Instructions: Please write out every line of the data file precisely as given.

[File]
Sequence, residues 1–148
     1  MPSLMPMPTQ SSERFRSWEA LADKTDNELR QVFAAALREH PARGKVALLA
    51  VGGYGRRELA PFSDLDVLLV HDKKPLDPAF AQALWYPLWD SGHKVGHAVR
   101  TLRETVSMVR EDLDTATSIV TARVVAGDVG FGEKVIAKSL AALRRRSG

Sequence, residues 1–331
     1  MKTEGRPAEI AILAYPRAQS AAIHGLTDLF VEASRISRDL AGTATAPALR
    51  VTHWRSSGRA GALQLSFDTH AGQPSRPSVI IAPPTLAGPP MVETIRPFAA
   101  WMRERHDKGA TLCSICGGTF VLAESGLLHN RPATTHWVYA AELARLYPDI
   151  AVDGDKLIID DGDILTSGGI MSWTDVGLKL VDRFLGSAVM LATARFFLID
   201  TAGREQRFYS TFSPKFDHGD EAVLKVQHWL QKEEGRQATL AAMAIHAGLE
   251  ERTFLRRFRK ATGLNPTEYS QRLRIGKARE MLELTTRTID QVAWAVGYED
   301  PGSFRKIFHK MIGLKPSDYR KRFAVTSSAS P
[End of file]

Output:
Sequence, residues 1–148
     1  MPSLMPMPTQ SSERFRSWEA LADKTDNELR QVFAAALREH PARGKVALLA
    51  VGGYGRRELA PFSDLDVLLV HDKKPLDPAF AQALWYPLWD SGHKVGHAVR
   101  TLRETVSMVR EDLDTATSIV TARVVAGDVG FGEKVIAKSL AALRRRSG

Sequence, residues 1–331
     1  MKTEGRPAEI AILAYPRAQS AAIHGLTDLF VEASRISRDL AGTATAPALR
    51  VTHWRSSGRA GALQLSFDTH AGQPSRPSVI IAPPTLAGPP MVETIRPFAA
   101  WMRERHDKGA TLCSICGGTF VLAESGLLHN RPATTHWVYA AELARLYPDI
   151  AVDGDKLIID DGDILTSGGI MSWTDVGLKL VDRFLGSAVM LATARFFLID
   201  TAGREQRFYS TFSPKFDHGD EAVLKVQHWL QKEEGRQATL AAMAIHAGLE
   251  ERTFLRRFRK ATGLNPTEYS QRLRIGKARE MLELTTRTID QVAWAVGYED
   301  PGSFRKIFHK MIGLKPSDYR KRFAVTSSAS P